I’ve followed June O’Sullivan’s blog (she’s the CEO of the London Early Years Foundation, a group of 39 nurseries in and around London) on and off for a while. Just recently though this article caught my eye:
I was very lucky recently, I mean VERY lucky, and it doesn’t happen often. I entered a competition on the Facebook Page for Hygge in the Early Years, run by the amazing Kimberly Smith, and to my utter amazement I won!
The competition was to win a place on the latest cohort of the Hygge in the Early Years Accreditation scheme. This is such an exciting opportunity for me and my setting to bring some calmness and joy into our practice as we work through this journey. We are aware it isn’t an overnight process so we are taking our time with it and savouring each lesson.
I’ve was reading an interesting article recently by Stephanie Bennett and Lyndsey Hellyn, the co-founders of The Curiosity ApproachTM, where the talked about how educational pioneer Loris Malaguzzi always spoke about the children’s learning environment in terms of the Third Education. In fact he’s quoted as saying “There are three teachers of children: adults, other children and their physical environment.”
As practitioners do we really spend a lot of our time looking at how our rooms look and constantly running around and sweeping up the mess to keep it looking nice? Isn’t that just a sign that the room isn’t working for the children?
In one of my previous settings I always knew it was time for a change round in the layout of the room when it became our main focus of the day to be clearing up after the children. This was when, as a Team we would sit and look at what worked and what didn’t. Children constantly need, fresh, new challenges and the environment is there to scaffold the children into achieving these challenges. So I urge you to spend a bit of time regularly looking at your learning environment and seeing how to freshen up the challenge for your children.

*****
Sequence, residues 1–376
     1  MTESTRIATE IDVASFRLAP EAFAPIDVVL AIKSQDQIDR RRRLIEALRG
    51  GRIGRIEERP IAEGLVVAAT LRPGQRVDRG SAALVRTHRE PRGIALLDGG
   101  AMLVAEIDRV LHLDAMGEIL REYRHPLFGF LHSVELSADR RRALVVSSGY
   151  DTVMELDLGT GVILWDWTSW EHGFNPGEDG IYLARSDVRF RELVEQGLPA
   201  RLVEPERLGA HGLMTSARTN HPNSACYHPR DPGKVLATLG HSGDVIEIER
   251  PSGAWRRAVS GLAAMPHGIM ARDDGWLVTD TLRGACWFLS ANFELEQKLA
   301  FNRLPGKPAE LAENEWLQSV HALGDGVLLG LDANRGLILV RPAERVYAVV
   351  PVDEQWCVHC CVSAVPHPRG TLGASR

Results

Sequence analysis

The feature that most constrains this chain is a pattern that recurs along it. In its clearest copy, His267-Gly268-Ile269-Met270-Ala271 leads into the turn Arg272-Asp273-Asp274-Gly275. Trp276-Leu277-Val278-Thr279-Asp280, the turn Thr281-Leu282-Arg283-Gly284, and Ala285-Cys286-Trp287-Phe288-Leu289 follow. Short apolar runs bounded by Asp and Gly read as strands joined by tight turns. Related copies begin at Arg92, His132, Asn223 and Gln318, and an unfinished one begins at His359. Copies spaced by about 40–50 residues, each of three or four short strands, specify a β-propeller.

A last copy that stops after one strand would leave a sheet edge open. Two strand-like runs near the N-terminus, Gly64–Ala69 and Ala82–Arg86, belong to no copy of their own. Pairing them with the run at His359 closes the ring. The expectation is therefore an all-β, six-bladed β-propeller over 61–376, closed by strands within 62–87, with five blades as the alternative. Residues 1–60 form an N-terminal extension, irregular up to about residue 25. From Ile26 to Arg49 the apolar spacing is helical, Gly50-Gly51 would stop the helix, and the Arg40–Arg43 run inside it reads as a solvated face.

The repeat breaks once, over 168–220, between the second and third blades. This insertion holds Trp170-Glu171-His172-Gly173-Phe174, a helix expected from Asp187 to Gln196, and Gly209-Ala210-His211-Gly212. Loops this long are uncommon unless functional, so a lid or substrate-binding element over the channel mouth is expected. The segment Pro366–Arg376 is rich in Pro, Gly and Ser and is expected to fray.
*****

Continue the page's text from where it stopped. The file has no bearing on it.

I’m rather excited about this latest Twitter storm, the concept of #BrewED has been around for a while. It’s about those in the education sector connecting over a cuppa and really getting to grips with the issues facing education.
Well this has now happened in Early Years thanks to a few forward thinking people and they are very much alive and kicking on Twitter, CLICK HERE TO JUMP TO TWITTER
However those clever souls at #BrewEDEYLeeds have gone one step further and have organised a one day gathering/conference with some brilliant topics. It’s just under £12 to attend this conference and at a price like that I couldn’t refuse – I’m signed and up and excited to go (it’s my first conference of 3 this year!)
If you would like to book a place to go, and who wouldn’t, then just CLICK HERE but be warned that places are selling out fast!
There are a large number of books for Early Years Practitioners out on the market, there’s only a handful that are “MUST HAVE” books and this is one of them!
This delightful book by Laura England (AKA Little Miss Early Years) is just perfect in walking you through the whole process of setting and using Provocations in the children’s learning, you could call it a step by step guide.
It starts by looking at the theories behind Provocations and some of the well know theorists, such as Bruner, Vygotsky and Piaget, whose work has been influential in the use of provocations. The whole book is so easy to digest and can be picked up and read in little pieces or read on a car journey from York to Newcastle (that’s what I did – I wasn’t driving by the way!)
The books takes you through a journey into all aspects of our daily working routine from the 7 areas of learning to the Characteristics of Effective Learning alongside Continuous Provision. There are clear explanations and beautiful photos to really inspire your practice without filling you with a fear you will need to rush off to IKEA and spend a fortune on a heap of new resources.
Provocations are a part of our every day routine and this book really helps to bring it to life – I’m so glad I have my copy, have you got yours?
As you may have seen from a previous post I’m working on a downloadable resource pack for Room Leaders. This is quite a tricky post for people who are new to it and possibly one that isn’t supported as much as it could be.
I’m going to be working on a face to face training package to support newbie Room Leaders and would like your input!
What do you see as essential skills and qualities of a Room Leader?
What support do you feel a new Room Leader needs?
Do you feel a Room Leader clearly understands their role and responsibilities?
If you can give me your views on this and anything else you feel a new Room Leader needs to know then please get in touch. My email is firstname.lastname@example.org